Comment


        #4
        Re: Query About High School Calculus

        Just "for fun" I looked at the table of contents of some popular math books. None of the following cover any trig at all (or just very basic right angle trig) in their algebra 2 books: Teaching Textbooks, Chalkdust, Abeka, Saxon
        Kolbe uses a Foerster book called Algebra and Trigonometry for algebra 2. If you use their honors plans which cover the whole book and get an A then you will be ready for calculus. If you use their "regular" plans which don't cover every chapter or if you get a low B or lower in the honors course then you go to pre-calculus before calculus. They use a Foerster book called Precalculus which covers more indepth than algebra/trig book.

        In general my opinion is that to try to cover everything after algebra 1 and before calculus (excepting geometry) in one year is a lot and only for very advanced students and only if you use the right book. At my boys high school they cover algebra 2 and precalc in two years even for the honors students. At their old school they offered an option of doing it all in 3 semesters and starting calculus mid junior year but only for the very advanced math students. In that case they did a semester of calculus junior year and then did AP BC level calc senior year (BC is the faster paced class that covers calculus 1 and calculus 2)

        IF you plan to take calculus at a college they will probably either make you take a placement test (so you will have to have totally mastered that functional trig) or base placement on ACT or SAT score and again in order to score high enough you have to have mastered advanced trig.

        If you plan to teach it yourself, you can always decide to slow down or back up if needed.
        Debbie- mom of 7, civil engineering grad, married to mechanical engineer
        DD, 25, BFA '17 graphic design and illustration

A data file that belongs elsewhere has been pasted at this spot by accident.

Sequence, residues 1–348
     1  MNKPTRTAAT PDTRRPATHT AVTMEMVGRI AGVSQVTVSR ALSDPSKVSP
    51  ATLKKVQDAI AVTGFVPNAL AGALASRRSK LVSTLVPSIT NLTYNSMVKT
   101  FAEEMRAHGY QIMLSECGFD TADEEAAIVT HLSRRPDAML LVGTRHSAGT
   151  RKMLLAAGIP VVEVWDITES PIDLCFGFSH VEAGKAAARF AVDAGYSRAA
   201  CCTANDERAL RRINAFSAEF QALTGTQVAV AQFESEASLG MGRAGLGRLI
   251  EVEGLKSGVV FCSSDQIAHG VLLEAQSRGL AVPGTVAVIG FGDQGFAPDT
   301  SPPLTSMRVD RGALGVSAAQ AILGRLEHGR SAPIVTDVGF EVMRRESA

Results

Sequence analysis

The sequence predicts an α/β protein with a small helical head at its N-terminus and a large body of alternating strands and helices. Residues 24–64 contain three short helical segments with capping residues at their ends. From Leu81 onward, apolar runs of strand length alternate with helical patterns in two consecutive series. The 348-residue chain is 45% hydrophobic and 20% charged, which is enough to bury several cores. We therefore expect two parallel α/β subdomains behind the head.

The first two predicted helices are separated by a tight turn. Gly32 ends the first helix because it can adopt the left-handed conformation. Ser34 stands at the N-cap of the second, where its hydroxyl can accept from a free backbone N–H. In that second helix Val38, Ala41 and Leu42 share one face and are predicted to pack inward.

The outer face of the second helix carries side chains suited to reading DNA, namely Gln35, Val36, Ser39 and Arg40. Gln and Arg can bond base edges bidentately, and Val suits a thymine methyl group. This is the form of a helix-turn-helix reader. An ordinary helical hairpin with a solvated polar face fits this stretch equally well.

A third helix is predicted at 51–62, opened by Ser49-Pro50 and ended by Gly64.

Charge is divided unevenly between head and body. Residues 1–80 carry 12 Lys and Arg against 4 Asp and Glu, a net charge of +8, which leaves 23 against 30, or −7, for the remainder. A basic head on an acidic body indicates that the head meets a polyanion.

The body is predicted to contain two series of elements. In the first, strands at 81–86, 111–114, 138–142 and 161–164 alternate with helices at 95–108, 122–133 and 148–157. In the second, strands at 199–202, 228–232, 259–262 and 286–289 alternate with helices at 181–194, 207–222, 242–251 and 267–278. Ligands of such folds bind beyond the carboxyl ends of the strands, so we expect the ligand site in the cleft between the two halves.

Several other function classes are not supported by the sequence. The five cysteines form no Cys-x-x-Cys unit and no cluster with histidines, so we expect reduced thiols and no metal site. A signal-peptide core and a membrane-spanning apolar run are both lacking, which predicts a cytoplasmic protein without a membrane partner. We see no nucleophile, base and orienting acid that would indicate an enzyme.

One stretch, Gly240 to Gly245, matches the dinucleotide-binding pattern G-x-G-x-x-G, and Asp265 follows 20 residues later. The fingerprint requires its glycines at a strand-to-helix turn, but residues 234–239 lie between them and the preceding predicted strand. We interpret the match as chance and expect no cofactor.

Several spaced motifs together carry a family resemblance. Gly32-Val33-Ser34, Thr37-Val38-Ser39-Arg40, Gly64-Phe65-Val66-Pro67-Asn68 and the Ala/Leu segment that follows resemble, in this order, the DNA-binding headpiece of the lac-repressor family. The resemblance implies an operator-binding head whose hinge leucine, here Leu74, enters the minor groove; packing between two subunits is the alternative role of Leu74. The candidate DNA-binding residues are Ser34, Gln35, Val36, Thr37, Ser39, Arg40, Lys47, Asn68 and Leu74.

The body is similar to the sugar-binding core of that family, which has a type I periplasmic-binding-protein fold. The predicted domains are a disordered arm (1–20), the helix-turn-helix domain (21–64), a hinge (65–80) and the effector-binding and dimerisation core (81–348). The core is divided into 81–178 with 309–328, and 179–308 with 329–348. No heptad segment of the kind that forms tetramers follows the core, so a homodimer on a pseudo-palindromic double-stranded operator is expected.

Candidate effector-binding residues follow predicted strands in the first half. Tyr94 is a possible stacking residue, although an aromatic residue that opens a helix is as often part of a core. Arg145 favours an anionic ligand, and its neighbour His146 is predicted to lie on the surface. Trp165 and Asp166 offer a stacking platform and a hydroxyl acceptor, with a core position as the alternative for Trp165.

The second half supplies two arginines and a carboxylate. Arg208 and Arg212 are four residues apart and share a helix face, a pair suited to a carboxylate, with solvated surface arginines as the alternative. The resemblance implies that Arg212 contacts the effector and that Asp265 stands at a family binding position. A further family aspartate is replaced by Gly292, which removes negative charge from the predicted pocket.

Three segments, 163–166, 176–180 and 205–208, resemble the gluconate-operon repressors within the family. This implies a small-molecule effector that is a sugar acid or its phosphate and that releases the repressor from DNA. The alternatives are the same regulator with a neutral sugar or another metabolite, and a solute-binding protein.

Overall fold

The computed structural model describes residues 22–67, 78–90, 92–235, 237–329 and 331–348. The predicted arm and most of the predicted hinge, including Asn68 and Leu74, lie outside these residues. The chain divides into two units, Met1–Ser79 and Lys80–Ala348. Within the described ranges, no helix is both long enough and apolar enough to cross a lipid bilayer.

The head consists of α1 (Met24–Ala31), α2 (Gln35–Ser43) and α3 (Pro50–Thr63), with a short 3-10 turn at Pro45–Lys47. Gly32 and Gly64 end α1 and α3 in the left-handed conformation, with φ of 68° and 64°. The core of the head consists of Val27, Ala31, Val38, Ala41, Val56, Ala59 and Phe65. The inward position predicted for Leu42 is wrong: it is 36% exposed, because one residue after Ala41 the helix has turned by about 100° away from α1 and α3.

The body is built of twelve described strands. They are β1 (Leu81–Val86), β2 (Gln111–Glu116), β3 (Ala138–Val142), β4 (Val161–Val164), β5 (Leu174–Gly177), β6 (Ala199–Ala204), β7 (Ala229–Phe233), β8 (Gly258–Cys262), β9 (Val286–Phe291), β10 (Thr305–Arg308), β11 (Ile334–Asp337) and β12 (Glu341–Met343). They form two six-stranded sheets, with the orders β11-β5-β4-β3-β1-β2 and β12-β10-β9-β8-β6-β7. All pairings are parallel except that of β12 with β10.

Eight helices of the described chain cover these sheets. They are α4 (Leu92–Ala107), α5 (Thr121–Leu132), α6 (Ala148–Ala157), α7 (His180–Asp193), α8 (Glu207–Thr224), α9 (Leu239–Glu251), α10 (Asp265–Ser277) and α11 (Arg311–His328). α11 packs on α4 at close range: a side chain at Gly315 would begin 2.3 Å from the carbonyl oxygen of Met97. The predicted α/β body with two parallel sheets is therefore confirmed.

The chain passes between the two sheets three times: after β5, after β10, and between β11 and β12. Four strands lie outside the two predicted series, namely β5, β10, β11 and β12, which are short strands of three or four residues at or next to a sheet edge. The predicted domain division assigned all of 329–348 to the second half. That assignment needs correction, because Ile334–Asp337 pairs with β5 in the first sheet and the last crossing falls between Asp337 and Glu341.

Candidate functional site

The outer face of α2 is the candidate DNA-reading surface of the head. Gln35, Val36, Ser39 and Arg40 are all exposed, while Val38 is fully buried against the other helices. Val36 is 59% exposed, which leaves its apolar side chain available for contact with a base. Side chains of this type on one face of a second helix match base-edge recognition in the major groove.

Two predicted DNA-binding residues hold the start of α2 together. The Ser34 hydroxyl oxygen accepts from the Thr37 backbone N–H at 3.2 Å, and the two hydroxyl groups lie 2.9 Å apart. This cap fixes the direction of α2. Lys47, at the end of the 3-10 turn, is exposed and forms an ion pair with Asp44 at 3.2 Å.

DS, 23, BS '18 mechanical engineering
        DS, 21, chemistry major
        DS, 18, Physics major
        DD, 15, dyslexic, 10th grade customizednMP plus co-op
        DS, 12, super squirmy, possible dysgraphia, MP 7A
        DD, 6 , K- finally one who seems to like drawing and writing- first one since my oldest!

        Comment


          #5
          Re: Query About High School Calculus

          Oh, I am teaching them Trigonometry, no worries there. Thanks for chiming in!
          homeschooling mother to a 16yo boy & 18yo girl, both learning at the high school level, and an adult son whom I homeschooled all the way through. You are welcome to read more about our homeschooling life at my blog: link via my username. Please forgive any typos in my comments here! I'm disabled and can't always type clearly.

          Comment


            #6
            Re: Query About High School Calculus

            My point was simply that if you skip precalcus check your algebra 2 book because most do not teach trig or if they do they only teach right angle trig and not graphing, solving trig equations and trig identities. If your algebra 2 book does not teach trig you can teach it alone with a small trig book. I didn't want others reading this to think they could move from, say, Saxon algebra 2 directly to calculus. And enjoy learning calculus yourself. One of the aspects of homeschooling I like best is getting to relearn and master material I had been exposed to in school but later forgot. I had no idea how much trig and calc I had forgotten (and I'm an engineer) until I tried to teach my daughter. It was actually fun relearning it.